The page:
How to Budget for Equity and Drive Lasting Change

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Connecting state and local government leaders

COMMENTARY | State and local governments should prioritize equity in their budgets by using data, being outcome driven and engaging the whole community.

After George Floyd’s tragic death last year sparked calls to “defund the police,” government leaders across the country looked at all their operations under a new lens of equity. Most importantly, state and local leaders examined ways to invest in equitable services. While it is often said that government budgets are value statements, the past year has revealed that many budgets need to be revisited so that they better demonstrate the values of the people they serve.

To address misalignments between government spending and community values, leaders should focus on budgeting for equity, which has four fundamental facets: prioritizing equity, using data and evidence, budgeting for outcomes and engaging the community in new ways.

Prioritize Equity

Budgeting for equity cannot be separated from governing for equity. Equity is part of an organizationwide and communitywide cultural shift that begins with a shared understanding of what equity means, the root causes and consequences of inequity, and why advancing equity is important. Achieving consensus around the moral imperative of equity requires leadership and conversation.

Cook County, Illinois Board of Commissioners President Toni Preckwinkle has said that at its most basic level budgeting for equity means “you prioritize spending where it makes the most impact, addresses the greatest need and repairs past harms.” It is also incumbent upon leaders to make the case that government action to advance equity is good for everyone. For example, while investments to improve preschool learning may be targeted to children of color, research shows that such investments benefit other children and make entire communities more prosperous.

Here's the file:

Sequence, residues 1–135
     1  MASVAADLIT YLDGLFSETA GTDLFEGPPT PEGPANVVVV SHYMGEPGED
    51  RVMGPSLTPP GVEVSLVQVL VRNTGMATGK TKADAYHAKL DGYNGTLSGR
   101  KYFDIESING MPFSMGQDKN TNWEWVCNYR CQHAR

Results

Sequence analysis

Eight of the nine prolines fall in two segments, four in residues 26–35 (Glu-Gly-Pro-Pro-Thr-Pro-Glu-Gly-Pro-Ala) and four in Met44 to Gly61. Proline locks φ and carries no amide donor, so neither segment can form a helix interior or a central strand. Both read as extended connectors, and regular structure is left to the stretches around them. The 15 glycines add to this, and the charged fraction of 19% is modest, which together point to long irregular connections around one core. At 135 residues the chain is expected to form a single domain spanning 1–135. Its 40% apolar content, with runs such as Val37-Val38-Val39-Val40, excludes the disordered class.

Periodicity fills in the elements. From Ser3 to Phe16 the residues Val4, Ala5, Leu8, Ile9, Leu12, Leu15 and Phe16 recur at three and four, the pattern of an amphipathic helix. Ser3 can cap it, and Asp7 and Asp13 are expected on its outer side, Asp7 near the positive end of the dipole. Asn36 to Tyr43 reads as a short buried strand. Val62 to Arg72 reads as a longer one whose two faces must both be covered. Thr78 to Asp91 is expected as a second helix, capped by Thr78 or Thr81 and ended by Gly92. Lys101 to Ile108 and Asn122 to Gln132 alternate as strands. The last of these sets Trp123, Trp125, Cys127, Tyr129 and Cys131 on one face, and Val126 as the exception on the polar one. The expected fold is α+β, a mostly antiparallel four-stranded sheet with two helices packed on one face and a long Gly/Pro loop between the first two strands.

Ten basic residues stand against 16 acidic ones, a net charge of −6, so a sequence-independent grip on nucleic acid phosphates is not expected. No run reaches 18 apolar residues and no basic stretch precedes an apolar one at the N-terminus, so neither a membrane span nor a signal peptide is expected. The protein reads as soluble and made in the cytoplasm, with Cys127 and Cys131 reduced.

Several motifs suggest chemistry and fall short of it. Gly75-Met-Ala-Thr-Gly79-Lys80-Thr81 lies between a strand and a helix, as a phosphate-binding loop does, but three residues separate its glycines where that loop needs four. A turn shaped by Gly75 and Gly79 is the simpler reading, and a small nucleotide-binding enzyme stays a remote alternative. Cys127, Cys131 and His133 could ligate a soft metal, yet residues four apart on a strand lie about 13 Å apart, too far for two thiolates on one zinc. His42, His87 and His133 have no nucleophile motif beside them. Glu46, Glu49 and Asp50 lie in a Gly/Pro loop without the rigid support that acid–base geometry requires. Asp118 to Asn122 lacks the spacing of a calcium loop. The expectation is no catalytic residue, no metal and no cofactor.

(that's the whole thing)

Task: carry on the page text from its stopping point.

Use Data and Evidence

Data and evidence are important components of any efforts to address racial equity because they allow governments to pinpoint disparities, establish goals to remedy them and find solutions that work. This means that government leaders should be using data to evaluate not just “How well did we do it?” and “Is anyone better off?” but also consider the question “Is everyone better off?”

Asking “Is everyone better off”? is what led Boston officials to take a deep dive into its sidewalk repair data. Analysts found that because repairs were driven by 311 complaints instead of an objective assessment of need, the sidewalks in poorer, minority neighborhoods were in worse shape than those in wealthier parts of the city. Boston now uses a sidewalk condition index and other need-based factors to prioritize its sidewalk capital program.